In the colorful small shop of Marie Madeleine Diouf located in the Plateau alley of downtown Dakar, clothes in various colors are displayed. However, the flagship color of her NuNu Design by DK brand is blue, which holds a special place in the heart of the designer.

Senegalese designer Marie Madeleine Diouf in her boutique on the Plateau, in downtown Dakar.
Senegalese designer Marie Madeleine Diouf in her boutique on the Plateau, in downtown Dakar. Photo Credit: Alice Oboe.

Growing up, Marie was fascinated by the indigo loincloth of the Serer dancers, an ethnic group in Senegal known for their strict dress code that required women to wear a loincloth and an indigo blue boubou with black stripes, and a scarf tied on the head. The Senegalese people have remained attached to indigo, as it represents a color deeply linked to several traditional cultures and is part of the history of the continent.

Marie Madeleine Diouf naturally incorporates this shade into her designs, such as on bazin, a damask and shiny fabric, and PI, a woven cotton loincloth from Guinea. The intensity of the vegetable dye obtained from the bark of the indigo tree allows her to nuance the tones to infinity, from deep blue to a very pale bluishness, depending on the patterns made on the fabric.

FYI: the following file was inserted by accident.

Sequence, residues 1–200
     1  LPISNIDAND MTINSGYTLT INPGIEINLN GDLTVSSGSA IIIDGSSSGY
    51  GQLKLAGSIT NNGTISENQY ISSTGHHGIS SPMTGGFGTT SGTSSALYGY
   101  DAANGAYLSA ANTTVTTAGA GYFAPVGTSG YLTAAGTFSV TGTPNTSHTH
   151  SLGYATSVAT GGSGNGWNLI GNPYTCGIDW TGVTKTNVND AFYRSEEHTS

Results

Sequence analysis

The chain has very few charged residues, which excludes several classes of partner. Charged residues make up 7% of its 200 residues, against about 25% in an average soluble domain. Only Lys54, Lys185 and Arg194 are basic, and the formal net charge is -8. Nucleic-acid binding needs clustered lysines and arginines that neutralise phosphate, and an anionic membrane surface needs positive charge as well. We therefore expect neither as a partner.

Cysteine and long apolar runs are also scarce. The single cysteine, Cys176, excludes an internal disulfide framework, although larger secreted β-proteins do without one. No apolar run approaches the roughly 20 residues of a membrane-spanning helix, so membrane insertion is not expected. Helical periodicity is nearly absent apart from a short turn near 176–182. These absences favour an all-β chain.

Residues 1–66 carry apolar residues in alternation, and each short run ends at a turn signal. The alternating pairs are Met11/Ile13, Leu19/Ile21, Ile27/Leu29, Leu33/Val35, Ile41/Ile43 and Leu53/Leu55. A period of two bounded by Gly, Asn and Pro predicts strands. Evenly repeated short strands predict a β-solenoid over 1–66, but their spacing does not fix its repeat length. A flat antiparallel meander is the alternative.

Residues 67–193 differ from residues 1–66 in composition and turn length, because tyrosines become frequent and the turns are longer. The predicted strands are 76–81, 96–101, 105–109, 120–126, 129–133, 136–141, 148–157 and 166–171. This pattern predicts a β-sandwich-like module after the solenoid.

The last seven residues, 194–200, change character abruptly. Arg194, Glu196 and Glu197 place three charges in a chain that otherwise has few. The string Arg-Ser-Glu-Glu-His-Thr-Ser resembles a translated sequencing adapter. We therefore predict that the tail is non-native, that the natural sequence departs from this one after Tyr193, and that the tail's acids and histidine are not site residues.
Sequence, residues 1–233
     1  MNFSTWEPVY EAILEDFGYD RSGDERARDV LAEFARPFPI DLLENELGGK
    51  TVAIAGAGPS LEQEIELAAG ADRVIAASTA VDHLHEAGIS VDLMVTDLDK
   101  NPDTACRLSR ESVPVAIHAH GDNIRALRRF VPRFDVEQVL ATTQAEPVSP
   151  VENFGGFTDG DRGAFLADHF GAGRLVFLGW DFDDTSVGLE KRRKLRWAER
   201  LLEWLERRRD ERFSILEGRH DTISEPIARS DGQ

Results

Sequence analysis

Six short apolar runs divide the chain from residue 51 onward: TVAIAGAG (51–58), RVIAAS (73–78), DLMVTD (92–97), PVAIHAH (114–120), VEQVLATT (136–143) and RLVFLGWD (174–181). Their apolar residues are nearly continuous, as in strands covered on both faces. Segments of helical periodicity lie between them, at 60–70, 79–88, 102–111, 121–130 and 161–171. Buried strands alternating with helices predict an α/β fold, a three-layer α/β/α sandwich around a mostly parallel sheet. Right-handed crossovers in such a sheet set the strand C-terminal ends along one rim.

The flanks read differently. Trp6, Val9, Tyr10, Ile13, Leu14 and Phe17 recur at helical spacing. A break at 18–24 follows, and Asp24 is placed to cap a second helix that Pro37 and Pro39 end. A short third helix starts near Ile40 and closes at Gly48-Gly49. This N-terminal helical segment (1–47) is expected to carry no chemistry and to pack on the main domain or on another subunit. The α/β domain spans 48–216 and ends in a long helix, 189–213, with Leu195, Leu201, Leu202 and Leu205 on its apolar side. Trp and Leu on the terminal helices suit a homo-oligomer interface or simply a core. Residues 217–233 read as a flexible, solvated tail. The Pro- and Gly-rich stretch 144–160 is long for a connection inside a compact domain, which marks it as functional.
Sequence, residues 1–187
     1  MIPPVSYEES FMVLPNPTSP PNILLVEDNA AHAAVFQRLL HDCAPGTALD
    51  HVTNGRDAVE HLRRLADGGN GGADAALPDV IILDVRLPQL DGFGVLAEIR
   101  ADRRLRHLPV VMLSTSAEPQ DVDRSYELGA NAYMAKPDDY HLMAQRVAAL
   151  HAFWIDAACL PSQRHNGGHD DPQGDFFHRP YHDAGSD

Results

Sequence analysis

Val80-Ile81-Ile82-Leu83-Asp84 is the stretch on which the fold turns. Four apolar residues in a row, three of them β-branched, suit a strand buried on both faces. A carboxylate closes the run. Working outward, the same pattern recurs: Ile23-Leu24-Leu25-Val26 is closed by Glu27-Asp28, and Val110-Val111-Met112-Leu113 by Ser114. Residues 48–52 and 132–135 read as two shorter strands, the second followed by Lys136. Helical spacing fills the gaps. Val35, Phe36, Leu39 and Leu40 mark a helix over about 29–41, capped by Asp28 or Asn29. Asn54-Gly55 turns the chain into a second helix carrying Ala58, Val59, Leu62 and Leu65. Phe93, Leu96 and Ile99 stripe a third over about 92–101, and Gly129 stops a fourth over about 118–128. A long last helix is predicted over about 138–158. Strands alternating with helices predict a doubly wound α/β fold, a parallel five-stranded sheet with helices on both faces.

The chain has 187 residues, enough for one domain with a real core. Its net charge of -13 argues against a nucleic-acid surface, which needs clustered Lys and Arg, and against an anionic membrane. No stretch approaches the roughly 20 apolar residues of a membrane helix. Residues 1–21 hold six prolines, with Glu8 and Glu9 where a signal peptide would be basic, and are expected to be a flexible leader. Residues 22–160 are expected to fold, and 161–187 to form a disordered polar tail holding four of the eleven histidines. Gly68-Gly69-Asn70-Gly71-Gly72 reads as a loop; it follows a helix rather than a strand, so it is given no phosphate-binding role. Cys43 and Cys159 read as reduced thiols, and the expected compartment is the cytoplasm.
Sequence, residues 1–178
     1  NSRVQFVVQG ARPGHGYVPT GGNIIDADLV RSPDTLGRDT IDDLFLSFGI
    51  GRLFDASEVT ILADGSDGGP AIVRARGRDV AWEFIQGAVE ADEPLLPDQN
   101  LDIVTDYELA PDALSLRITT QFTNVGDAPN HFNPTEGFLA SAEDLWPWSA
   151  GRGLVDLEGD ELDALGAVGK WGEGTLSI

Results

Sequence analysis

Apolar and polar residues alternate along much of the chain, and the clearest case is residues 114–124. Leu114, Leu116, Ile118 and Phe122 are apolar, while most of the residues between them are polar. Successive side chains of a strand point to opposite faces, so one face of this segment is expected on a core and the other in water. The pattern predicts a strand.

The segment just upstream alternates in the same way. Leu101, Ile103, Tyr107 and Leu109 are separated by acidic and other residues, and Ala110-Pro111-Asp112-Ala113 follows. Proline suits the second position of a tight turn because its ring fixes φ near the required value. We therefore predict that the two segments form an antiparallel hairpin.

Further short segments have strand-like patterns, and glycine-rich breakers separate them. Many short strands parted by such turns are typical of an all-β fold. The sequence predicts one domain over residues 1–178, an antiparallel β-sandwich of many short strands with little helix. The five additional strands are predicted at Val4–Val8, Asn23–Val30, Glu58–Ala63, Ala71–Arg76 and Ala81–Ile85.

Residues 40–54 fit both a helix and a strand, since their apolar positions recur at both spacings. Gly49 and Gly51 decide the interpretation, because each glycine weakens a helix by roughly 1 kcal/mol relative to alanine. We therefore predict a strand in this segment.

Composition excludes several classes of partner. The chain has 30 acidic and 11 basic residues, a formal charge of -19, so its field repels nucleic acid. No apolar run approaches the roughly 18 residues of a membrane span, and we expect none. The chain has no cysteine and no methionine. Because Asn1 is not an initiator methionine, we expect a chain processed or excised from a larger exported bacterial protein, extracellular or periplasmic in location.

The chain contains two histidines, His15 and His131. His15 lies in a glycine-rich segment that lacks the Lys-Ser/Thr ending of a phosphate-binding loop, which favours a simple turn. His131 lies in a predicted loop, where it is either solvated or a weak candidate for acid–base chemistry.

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The NuNu Design by DK brand employs ten people and releases three collections a year. Marie Madeleine Diouf wants to magnify African textiles and tell the story of peoples through her pieces. Her style is authentic and committed, aiming to associate ancestral know-how with current cuts. The flagship model of NuNu Design combines cut-out pockets on jeans salvaged from a Dakar thrift store with an indigo dress or tunic, reflecting the stylist’s ecological commitment in search of a second life for second-hand clothes.

Marie Madeleine Diouf has also been organizing workshops since 2019 to contribute to the empowerment of women in crafts. She named each of the seven fragrances she imagined with the first name of her ancestors, revisiting the thiouraye, an incense, widely used by Senegalese people as an element of seduction, and transforming it into a variation of liquid perfumes of atmosphere.

Marie Madeleine Diouf is also working on research on other natural dyes, experimenting with new processes based on natural components such as pigments from cactus, eucalyptus, and various barks. She aims to set up a production line entirely local and produce cotton on Senegalese territory to commit to quality and ecology.

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